Less than a week ago, Uber was standing strong in its defiance of the California Department of Motor Vehicles (DMV) and insistent that its 16-car strong self-driving program was both legal and safe to conduct on the streets of San Francisco. However, the past few days of intense back and forth with regulators, as well as a few mishaps on the road (including program vehicles running red lights and having trouble identifying bicycle lanes), has led to a complete reversal on this aggressive stance from the world's leading ride-hailing service.
Of course, The Wall Street Journal's Greg Bensinger reports that the fact that the DMV also revoked the registrations of these vehicles helped expedite the process of kowtowing this defiant transportation leader.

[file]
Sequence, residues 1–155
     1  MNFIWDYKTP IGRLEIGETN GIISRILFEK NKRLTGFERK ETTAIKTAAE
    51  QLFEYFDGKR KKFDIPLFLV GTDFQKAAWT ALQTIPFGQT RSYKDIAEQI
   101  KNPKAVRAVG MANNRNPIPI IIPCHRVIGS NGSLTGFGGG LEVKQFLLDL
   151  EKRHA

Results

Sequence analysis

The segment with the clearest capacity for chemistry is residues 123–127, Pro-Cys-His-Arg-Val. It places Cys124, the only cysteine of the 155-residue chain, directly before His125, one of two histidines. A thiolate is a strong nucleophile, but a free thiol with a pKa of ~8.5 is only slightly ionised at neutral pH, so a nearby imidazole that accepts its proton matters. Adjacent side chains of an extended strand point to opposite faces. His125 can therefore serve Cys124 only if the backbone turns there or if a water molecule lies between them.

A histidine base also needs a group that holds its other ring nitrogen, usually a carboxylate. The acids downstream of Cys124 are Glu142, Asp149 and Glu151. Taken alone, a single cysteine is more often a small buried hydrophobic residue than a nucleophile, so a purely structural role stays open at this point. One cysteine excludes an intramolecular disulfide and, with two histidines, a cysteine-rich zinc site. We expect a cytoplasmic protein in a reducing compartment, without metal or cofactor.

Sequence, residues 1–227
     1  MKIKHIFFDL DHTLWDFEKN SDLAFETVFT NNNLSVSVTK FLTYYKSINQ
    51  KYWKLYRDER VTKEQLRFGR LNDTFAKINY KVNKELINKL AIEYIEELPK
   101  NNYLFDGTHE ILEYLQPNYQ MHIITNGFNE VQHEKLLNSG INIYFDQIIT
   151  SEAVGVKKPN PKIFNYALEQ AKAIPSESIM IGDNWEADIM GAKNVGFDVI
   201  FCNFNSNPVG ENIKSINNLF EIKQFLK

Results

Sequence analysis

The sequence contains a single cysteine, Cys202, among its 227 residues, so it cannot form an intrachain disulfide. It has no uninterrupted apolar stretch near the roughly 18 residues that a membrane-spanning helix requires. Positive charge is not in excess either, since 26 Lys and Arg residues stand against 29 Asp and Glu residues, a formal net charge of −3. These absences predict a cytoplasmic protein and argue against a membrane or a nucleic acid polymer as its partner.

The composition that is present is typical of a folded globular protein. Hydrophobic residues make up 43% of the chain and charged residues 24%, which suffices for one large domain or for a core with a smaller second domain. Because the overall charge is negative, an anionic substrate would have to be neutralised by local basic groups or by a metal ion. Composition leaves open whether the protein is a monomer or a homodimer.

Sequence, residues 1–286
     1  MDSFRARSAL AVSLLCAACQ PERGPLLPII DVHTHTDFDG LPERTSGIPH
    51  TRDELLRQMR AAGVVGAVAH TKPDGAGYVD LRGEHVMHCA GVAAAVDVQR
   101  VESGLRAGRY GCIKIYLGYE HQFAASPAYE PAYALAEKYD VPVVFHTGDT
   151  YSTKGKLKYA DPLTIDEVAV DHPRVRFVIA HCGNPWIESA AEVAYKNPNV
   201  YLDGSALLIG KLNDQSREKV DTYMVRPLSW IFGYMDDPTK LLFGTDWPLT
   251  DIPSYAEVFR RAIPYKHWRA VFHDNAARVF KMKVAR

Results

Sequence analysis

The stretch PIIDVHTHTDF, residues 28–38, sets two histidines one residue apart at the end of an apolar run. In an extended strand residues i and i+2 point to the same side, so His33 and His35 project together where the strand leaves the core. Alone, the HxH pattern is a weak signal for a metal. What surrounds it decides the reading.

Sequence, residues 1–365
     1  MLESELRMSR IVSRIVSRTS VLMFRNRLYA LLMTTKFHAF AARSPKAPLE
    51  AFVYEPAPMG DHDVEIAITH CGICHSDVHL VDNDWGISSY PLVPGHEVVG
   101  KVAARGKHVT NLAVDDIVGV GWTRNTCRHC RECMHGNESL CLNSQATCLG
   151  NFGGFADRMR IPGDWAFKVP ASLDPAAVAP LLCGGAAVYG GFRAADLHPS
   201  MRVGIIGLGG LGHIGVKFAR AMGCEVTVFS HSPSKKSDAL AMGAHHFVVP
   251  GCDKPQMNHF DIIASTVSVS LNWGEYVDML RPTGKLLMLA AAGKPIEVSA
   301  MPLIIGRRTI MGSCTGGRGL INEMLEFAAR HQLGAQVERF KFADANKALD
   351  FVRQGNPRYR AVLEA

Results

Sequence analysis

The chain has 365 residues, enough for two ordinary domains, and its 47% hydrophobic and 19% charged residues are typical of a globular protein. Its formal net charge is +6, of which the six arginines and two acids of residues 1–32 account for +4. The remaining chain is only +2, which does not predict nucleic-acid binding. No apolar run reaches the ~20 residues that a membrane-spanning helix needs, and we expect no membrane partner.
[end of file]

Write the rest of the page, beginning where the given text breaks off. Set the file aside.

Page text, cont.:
The big key to this bold move by state regulators revolves entirely around a rather simple concept. Essentially, the DMV claims that the permits were improperly issued, and therefore illegal, based on the fact that Uber didn't clarify that the vehicles in question were both autonomous and meant to be used for testing purposes.
Will Uber seek to reignite its self-driving operations in the Bay Area after filing the appropriate paperwork? Could the State of California seek out further restrictions and roadblocks in retaliation for this ride-sharing leader's blatant disregard for the cease and desist requests that piled up on the doorstep at Uber headquarters in the days leading up to this final resolution? Bensinger seeks to answer these questions, and many more, in his feature-length story for The Wall Street Journal.